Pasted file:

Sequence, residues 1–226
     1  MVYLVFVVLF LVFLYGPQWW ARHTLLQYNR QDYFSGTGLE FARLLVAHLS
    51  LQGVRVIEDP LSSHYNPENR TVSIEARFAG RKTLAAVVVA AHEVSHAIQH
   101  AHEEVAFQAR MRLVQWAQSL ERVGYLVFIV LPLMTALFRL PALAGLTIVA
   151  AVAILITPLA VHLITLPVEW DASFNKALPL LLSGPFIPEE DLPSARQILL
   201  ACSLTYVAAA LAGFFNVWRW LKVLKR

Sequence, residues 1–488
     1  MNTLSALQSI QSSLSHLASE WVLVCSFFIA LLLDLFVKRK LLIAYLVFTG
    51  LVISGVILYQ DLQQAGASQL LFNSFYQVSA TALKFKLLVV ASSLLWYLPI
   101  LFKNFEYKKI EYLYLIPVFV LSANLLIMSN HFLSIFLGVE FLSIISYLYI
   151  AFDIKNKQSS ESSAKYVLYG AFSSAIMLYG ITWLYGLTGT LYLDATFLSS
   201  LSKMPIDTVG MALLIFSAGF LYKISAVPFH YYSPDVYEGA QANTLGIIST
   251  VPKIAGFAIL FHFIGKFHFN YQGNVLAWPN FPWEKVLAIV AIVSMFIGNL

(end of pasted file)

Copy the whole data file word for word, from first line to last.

Sequence, residues 1–226
     1  MVYLVFVVLF LVFLYGPQWW ARHTLLQYNR QDYFSGTGLE FARLLVAHLS
    51  LQGVRVIEDP LSSHYNPENR TVSIEARFAG RKTLAAVVVA AHEVSHAIQH
   101  AHEEVAFQAR MRLVQWAQSL ERVGYLVFIV LPLMTALFRL PALAGLTIVA
   151  AVAILITPLA VHLITLPVEW DASFNKALPL LLSGPFIPEE DLPSARQILL
   201  ACSLTYVAAA LAGFFNVWRW LKVLKR

Sequence, residues 1–488
     1  MNTLSALQSI QSSLSHLASE WVLVCSFFIA LLLDLFVKRK LLIAYLVFTG
    51  LVISGVILYQ DLQQAGASQL LFNSFYQVSA TALKFKLLVV ASSLLWYLPI
   101  LFKNFEYKKI EYLYLIPVFV LSANLLIMSN HFLSIFLGVE FLSIISYLYI
   151  AFDIKNKQSS ESSAKYVLYG AFSSAIMLYG ITWLYGLTGT LYLDATFLSS
   201  LSKMPIDTVG MALLIFSAGF LYKISAVPFH YYSPDVYEGA QANTLGIIST
   251  VPKIAGFAIL FHFIGKFHFN YQGNVLAWPN FPWEKVLAIV AIVSMFIGNL